Drainage Contractor

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First year of phosphorus research in the Lake Erie watershed completed

October 2, 2019
By Drainage Contractor

Research at recently restored wetland basins will assess their efficiency in removing phosphorus from surface-water runoff. Photo courtesy of Ducks Unlimited Canada.

Ducks Unlimited Canada (DUC) is wrapping up the first year of a proposed three-year study in the Lake Erie watershed. Research at recently restored wetland basins will assess their efficiency in removing phosphorus from surface-water runoff to better inform conservation decisions that improve water quality.

Despite the uptake of best management practices that help retain nutrients – used as fertilizer, for example – on the land, there are other factors that are harder control. Large rainfalls and snow melts continue to wash phosphorus into rivers and lakes. The excess nutrients can support rapidly growing cyanobacteria, or blue-green algae, which thrive in a warm and nutrient-rich environment. Resulting toxins in the water can be highly dangerous for wildlife, pets and people.

DUC has worked within the Lake Erie watershed for several years collaborating with the federal and Ontario governments, conservation agencies and private landowners to use wetlands to capture nutrients from the surrounding landscape. Support was also provided by the U.S. Fish and Wildlife Service via the North American Wetlands Conservation Act, a continental program for habitat conservation.

More than 100 wetlands have been constructed or restored in the watershed. DUC, in a media release, say there is so much interest from private landowners in restoring wetlands that there is now a project waiting list.

Landowner Mary-Ellen King beside Lake Lindsay, one of eight study sites in the Lake Erie watershed. Photo courtesy of Ducks Unlimited Canada.

Quantifying the role of restored wetlands in protecting rivers and lakes

The purpose of the study is to assess the phosphorus removal efficiency of these small, restored wetlands.

Led by research scientists at DUC’s Institute for Wetland and Waterfowl Research, the study will quantify how much phosphorus is captured in eight restored wetlands and if there is any potential to improve the wetlands’ performance. DUC states “this research could not happen without the generosity of the private landowners who agreed to be part of the project.” To date, the study has received funding from Ontario’s Ministry of Natural Resources and Forestry.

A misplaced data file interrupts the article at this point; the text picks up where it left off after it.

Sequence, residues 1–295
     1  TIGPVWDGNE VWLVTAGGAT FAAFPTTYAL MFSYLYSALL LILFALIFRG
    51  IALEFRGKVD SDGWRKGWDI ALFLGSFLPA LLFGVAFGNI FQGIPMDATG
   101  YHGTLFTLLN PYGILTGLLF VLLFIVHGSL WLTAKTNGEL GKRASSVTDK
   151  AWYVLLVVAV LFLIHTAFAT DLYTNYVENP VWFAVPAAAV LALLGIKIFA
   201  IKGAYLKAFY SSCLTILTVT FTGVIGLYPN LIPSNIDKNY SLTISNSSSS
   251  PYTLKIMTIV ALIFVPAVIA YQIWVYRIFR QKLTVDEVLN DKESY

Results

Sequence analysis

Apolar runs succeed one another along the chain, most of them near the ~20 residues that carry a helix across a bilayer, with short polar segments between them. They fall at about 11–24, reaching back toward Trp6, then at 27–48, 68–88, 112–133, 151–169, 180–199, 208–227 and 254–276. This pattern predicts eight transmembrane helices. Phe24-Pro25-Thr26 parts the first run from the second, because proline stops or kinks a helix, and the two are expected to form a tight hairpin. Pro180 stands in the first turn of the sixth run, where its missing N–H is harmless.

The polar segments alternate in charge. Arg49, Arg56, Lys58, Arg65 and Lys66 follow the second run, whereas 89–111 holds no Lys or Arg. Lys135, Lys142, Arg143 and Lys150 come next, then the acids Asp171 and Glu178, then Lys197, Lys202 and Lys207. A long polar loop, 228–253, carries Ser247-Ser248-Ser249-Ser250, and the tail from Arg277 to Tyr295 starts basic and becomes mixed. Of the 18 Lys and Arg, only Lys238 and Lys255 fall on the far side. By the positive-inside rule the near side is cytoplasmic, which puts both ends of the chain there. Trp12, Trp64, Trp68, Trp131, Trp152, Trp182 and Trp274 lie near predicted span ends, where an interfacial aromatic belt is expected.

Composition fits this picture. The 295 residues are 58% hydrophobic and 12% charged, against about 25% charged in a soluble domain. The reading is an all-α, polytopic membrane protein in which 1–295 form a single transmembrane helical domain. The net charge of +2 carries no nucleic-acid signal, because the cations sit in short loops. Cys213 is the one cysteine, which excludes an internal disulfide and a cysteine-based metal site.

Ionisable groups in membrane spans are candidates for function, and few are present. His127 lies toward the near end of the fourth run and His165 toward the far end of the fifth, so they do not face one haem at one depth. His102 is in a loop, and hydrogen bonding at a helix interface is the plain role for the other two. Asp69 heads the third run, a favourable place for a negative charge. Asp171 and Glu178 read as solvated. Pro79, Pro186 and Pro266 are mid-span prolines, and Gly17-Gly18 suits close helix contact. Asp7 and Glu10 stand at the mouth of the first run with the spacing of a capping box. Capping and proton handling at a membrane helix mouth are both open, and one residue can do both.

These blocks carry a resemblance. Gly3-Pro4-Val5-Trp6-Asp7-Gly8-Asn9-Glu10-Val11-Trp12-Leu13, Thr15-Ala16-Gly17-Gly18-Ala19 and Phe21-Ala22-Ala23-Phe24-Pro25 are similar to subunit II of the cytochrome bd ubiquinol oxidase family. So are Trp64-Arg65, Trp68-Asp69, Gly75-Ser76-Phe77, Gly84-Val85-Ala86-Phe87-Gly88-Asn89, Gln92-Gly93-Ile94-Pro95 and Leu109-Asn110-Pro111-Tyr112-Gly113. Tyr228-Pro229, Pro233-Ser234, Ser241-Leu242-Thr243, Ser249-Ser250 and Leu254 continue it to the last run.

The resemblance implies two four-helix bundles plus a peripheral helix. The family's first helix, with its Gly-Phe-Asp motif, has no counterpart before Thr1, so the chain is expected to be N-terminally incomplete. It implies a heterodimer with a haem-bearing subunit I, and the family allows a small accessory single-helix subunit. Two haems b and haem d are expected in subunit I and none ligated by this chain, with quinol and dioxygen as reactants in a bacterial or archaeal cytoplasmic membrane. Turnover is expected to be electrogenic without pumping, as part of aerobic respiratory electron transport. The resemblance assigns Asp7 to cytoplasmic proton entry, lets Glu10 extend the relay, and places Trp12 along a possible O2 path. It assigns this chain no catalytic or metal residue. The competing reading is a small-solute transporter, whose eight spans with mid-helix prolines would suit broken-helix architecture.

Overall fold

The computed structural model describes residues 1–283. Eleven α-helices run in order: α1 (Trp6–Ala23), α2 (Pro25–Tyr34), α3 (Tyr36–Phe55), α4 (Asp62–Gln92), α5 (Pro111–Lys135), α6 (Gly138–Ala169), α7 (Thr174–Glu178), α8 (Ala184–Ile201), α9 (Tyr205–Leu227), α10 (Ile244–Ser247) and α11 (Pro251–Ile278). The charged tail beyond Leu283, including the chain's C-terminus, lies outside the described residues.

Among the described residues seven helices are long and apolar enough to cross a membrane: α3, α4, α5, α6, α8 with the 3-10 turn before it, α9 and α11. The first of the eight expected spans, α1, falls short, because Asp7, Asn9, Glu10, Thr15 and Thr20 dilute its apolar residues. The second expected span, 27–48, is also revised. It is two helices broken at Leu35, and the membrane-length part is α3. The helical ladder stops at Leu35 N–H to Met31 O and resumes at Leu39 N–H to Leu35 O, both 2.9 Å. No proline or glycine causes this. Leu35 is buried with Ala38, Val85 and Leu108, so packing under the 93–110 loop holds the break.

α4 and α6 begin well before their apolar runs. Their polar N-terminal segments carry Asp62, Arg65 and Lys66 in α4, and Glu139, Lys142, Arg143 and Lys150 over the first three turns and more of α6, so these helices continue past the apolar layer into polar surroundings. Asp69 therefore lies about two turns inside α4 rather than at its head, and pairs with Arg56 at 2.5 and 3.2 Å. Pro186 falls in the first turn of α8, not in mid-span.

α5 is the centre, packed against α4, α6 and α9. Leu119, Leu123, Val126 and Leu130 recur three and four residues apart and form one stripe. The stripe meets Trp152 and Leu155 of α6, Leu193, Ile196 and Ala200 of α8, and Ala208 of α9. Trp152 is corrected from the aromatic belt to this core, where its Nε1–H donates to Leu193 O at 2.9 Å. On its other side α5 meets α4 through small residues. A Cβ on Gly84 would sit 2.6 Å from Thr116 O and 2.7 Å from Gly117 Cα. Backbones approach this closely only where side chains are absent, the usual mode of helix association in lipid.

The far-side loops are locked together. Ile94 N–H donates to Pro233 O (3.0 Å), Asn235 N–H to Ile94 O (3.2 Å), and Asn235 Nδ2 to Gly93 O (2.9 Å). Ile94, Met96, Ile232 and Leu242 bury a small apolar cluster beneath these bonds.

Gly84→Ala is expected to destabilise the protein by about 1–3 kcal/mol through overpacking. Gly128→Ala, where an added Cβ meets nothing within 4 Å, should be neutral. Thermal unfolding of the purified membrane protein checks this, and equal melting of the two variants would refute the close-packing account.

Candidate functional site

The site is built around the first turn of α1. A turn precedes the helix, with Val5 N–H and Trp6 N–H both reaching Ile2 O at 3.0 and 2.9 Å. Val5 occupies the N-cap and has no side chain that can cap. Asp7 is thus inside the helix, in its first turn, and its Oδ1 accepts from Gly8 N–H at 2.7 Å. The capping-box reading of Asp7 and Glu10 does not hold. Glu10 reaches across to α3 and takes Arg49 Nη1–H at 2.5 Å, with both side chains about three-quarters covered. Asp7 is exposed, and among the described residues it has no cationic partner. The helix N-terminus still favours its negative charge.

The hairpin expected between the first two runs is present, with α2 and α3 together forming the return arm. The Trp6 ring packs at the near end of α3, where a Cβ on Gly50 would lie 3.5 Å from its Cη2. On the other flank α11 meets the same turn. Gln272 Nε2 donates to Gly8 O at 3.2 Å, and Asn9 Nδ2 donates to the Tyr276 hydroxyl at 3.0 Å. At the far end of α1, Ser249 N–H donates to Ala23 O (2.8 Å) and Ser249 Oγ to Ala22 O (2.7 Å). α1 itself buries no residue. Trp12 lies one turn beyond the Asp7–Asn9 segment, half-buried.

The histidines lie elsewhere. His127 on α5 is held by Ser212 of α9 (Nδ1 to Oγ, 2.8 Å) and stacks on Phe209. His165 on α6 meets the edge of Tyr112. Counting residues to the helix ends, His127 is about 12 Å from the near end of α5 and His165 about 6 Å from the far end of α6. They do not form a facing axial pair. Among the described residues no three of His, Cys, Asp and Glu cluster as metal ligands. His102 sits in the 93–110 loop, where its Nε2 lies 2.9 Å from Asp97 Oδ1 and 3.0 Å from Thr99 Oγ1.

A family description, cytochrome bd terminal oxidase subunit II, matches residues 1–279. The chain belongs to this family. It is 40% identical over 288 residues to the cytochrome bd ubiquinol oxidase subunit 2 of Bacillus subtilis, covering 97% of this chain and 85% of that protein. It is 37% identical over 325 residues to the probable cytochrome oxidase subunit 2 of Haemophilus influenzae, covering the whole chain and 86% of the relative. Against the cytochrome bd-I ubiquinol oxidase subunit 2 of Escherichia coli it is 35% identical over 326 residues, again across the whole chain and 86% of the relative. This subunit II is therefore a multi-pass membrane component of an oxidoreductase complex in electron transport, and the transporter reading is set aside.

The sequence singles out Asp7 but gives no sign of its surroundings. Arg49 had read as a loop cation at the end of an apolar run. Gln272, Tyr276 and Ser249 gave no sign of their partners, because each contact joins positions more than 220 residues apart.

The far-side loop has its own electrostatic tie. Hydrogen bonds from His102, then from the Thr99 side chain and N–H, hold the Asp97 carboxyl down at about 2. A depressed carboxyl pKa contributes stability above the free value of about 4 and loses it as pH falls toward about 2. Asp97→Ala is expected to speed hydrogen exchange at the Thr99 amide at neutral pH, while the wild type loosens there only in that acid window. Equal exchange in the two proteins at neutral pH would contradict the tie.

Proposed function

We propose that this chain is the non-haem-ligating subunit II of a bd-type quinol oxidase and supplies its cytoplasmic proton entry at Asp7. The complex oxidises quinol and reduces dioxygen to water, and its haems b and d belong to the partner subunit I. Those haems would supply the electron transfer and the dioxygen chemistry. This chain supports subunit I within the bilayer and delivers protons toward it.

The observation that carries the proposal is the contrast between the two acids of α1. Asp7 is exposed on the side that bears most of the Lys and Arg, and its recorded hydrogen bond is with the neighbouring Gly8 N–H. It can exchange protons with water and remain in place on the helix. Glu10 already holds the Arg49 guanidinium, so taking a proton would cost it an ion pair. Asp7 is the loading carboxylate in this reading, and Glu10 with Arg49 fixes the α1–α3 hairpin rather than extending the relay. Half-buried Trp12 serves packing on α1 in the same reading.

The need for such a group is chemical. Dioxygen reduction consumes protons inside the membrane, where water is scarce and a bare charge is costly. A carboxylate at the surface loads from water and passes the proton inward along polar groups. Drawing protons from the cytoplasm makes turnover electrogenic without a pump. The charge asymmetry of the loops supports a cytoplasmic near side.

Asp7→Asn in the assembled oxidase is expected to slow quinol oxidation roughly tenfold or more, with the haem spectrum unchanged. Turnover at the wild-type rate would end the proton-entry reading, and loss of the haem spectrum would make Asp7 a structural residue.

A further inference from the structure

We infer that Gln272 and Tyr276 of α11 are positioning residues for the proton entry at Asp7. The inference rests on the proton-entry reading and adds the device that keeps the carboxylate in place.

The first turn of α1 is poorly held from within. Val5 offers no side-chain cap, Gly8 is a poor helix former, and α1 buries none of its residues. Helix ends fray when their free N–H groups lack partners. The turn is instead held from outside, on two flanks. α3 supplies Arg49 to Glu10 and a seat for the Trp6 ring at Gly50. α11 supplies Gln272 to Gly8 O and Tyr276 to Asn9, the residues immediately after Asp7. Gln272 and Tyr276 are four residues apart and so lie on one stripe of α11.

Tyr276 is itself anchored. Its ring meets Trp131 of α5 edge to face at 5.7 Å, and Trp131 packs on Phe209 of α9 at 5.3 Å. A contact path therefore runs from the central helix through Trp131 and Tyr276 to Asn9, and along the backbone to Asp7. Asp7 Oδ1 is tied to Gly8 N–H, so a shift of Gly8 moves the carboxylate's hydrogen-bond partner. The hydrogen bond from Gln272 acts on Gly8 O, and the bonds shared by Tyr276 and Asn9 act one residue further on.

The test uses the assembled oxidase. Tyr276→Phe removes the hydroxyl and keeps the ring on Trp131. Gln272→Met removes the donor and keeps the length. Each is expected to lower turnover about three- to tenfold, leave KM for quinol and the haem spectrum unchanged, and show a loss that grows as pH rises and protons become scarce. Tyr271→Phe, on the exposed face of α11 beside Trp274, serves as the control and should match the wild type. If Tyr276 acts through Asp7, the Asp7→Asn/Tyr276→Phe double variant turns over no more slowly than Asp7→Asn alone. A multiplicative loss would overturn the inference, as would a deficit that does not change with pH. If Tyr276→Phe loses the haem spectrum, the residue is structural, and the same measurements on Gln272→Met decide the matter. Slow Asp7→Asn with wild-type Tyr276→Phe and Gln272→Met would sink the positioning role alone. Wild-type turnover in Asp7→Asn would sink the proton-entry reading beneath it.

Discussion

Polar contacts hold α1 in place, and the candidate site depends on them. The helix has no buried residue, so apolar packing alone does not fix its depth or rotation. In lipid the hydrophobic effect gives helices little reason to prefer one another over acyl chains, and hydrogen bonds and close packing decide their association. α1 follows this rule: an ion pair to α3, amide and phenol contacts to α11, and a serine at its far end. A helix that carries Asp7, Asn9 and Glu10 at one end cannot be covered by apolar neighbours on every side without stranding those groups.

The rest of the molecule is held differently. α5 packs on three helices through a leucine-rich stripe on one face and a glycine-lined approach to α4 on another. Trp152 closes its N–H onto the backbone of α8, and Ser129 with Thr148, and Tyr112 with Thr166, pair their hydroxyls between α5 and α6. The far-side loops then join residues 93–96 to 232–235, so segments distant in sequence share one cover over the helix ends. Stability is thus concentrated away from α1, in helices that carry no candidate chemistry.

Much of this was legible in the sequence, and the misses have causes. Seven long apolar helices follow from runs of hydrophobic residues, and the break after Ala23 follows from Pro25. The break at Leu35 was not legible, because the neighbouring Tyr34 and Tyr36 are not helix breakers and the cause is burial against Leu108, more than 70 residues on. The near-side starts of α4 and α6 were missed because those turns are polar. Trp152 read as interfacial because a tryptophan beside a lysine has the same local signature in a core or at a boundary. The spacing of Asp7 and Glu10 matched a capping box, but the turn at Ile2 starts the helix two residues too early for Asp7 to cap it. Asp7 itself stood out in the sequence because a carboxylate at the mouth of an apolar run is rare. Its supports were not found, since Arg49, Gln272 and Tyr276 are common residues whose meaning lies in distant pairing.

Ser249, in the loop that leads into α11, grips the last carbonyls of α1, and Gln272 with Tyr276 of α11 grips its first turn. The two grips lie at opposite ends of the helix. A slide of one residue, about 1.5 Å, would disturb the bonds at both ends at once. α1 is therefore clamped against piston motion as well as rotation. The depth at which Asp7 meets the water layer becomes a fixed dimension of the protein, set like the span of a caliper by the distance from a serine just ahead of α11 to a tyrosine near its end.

Restored wetlands provide habitat for waterfowl and many other benefits to the landscape. Today, DUC sees a need for better understanding of benefits that extend beyond habitat for wildlife as we look to wetlands to help improve surface-water quality in southern Ontario.

The study will help guide wetland restoration design and the strategic placement of restorations within watersheds. Wetlands remove nutrients from surface water by storing them in the basin sediments or using them to grow vibrant aquatic vegetation. Many factors can influence a specific wetland basin’s ability to retain phosphorus, including the age and size of the wetland, microbial and vegetation communities, and upstream drainage which moves water swiftly into the wetland.

“The better we understand the role of wetlands, the better we can choose conservation actions that best protect the health of watersheds—and ultimately, the Great Lakes at the end of the line,” the DUC release states.

DUC is seeking funding to continue this research for a second year and has placed the project on hold as of October 1, 2019.